Nowadays there are about 2,000 million Christians in the world but roughly 2,000 years ago there were only about 120. Not 120 million, but just 120.

On the day that the Church was born, a day which Christians call Pentecost, these 120 people were hiding in a house in Jerusalem.

It must have been rather squashed in that house.

Rather like a baby ready to be born is a bit squashed inside its mother's tummy.

These 120 people were all together because they were very anxious. In the previous month they had been through a lot. First, they had seen Jesus die on a cross. That had made them very sad.

Then they had seen Jesus alive again. That had made them very happy.

Then, before their very eyes, Jesus had gone up to Heaven.

Now they were very confused and concerned.

What was going to happen next?

So the 120 people went back to Jerusalem and waited.

Ten days later, something amazing happened. There was a great wind from Heaven...

Let’s blow very hard as if we were the wind

Along with the wind there was something that looked like flames. These flames fell on the heads of Jesus' 120 followers and, like a baby being born, they came out of their hiding place and into the big wide world.

Now children who can tell me the first thing they did when they were born?

No doubt you cried. Babies cry because they want people to take notice of them. The first followers of Jesus didn't cry when they emerged out of their hiding place, but they did get the attention of other people in the city by using their voices.

They told everyone in the city about Jesus. But they all spoke in different languages - languages that were different from their own and which they had never learned. This was one of the many birthday presents that God gave the Church.

That’s behind the dictionary. At Pentecost God gave people the capacity to share about Jesus in every language and nation and send them out to just that.

Church members read out one of the different translations of 'Happy Birthday'.

At that time in Jerusalem, there were many people from different parts of the world. They were so amazed to hear their own languages being spoken that they gathered around to hear what the followers of Jesus were saying.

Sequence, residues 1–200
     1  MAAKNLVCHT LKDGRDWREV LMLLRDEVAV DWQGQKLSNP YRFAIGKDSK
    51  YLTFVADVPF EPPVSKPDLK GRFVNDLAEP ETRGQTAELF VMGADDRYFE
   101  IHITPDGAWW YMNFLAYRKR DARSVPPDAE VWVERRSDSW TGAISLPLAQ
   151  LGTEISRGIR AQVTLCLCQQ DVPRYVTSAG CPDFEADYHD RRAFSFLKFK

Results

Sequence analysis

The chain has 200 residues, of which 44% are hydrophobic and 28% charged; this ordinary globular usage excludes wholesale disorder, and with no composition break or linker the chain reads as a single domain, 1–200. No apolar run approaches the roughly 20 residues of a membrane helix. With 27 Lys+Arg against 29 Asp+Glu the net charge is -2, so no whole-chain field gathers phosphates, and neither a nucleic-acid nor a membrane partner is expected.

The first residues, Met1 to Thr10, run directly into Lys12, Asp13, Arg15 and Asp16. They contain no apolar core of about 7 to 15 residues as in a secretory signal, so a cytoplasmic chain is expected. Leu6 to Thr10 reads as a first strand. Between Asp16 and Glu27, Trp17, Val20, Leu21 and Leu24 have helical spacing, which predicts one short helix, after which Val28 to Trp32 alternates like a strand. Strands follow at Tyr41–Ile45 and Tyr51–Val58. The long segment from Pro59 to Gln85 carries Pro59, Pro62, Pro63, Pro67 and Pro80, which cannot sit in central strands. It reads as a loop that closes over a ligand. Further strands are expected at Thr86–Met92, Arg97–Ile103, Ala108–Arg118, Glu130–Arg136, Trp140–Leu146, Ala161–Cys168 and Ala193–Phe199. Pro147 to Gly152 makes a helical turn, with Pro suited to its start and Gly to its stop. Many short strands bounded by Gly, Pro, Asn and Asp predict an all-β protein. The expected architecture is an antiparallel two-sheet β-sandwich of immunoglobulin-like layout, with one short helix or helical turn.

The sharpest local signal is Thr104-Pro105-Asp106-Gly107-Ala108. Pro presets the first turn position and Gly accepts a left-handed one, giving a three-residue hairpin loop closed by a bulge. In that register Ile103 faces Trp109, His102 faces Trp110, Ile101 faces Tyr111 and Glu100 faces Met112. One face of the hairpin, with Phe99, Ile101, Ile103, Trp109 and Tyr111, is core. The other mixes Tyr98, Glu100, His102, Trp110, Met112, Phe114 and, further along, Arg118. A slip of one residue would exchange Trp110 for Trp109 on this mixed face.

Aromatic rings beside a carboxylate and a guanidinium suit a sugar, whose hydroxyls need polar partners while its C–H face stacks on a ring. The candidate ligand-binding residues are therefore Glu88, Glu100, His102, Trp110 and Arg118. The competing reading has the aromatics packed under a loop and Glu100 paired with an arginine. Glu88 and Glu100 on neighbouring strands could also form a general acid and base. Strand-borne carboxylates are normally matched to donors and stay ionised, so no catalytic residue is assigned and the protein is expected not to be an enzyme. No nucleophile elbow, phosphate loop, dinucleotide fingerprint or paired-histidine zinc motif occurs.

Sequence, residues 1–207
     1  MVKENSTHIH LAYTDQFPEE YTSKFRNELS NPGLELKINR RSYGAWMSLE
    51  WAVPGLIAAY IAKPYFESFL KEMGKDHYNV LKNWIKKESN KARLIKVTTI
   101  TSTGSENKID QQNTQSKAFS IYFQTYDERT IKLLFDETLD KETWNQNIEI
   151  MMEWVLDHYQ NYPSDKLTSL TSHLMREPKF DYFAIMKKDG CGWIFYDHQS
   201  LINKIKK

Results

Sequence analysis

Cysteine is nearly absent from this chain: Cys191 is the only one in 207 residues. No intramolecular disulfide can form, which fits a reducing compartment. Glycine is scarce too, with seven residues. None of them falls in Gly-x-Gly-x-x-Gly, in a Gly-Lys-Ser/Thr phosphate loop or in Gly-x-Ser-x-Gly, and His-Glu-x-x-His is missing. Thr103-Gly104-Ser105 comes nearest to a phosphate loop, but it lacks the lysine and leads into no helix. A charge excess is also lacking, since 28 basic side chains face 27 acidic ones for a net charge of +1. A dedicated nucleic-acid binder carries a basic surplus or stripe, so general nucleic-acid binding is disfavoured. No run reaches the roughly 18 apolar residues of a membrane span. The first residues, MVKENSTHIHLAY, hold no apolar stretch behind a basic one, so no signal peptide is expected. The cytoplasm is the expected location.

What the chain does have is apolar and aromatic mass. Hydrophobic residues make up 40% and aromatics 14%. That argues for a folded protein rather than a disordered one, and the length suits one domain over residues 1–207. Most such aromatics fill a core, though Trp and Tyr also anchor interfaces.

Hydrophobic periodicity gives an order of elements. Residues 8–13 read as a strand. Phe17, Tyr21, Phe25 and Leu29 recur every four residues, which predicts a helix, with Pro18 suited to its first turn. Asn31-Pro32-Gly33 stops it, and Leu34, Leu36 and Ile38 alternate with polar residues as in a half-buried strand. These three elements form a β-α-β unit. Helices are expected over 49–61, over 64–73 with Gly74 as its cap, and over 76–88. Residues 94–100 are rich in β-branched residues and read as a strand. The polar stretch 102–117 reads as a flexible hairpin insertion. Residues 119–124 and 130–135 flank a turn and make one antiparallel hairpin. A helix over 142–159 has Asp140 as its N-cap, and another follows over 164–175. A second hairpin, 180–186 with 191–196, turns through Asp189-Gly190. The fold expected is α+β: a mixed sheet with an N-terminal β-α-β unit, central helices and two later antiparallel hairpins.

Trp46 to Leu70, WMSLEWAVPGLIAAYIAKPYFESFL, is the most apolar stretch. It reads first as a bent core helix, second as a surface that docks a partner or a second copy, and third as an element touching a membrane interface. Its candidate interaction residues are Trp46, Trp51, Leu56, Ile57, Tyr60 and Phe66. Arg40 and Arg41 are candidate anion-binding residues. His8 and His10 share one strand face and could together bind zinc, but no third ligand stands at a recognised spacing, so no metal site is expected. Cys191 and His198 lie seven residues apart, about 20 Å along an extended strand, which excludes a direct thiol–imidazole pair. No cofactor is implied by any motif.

After Peter, one of Jesus' followers, had spoken to the crowd, 3,000 of them became Christians. Like a newborn baby, the Church had started to grow bigger.

Well no birthday would be complete without a cake.

Server lights the candles.

While this is being done the candles can be a reminder to us of the flames that fell at Pentecost on the heads of the first Christians.

Invite children to blow out candles.

When the candles are blown out, remember the great wind from Heaven that blew the disciples out of their house and into the street.

That’s what Pentecost means today, it’s a reminder that the Holy Spirit who came on this day is still with us and is waiting to inspire us to share with others about Jesus.

Just as the first Christians shared their love of Jesus with people, the cake will be shared amongst everyone after the eucharist.

Saturday, 4 June 2011

Easter 7 Healing ministry 5th June 2011

In the news sheet you can see some of the means by which the church’s ministry of healing is made available at St Giles, places where Our Lord ministers to people at their point of need through his church:

• through the sacraments – eucharist, confession and anointing
• through laying on of hands - now available first Wednesdays 6.30pm starting 6th July.
• through the last Thursday of the month visit to Burrswood
• Through people’s names being placed on the sick list or submitted to the telephone Prayerline

I put this list in the news sheet following a series of PCC discussions triggered by a visit in April from the deanery healing ministry consultant Penny Sullens which had one outcome in a promise I gave to speak one Sunday about the church’s ministry of healing.

I thought this Sunday would suit well as it is set in those great days before Pentecost when the church is reminded of her dependence on God the Holy Spirit and of how the Spirit glorifies Jesus.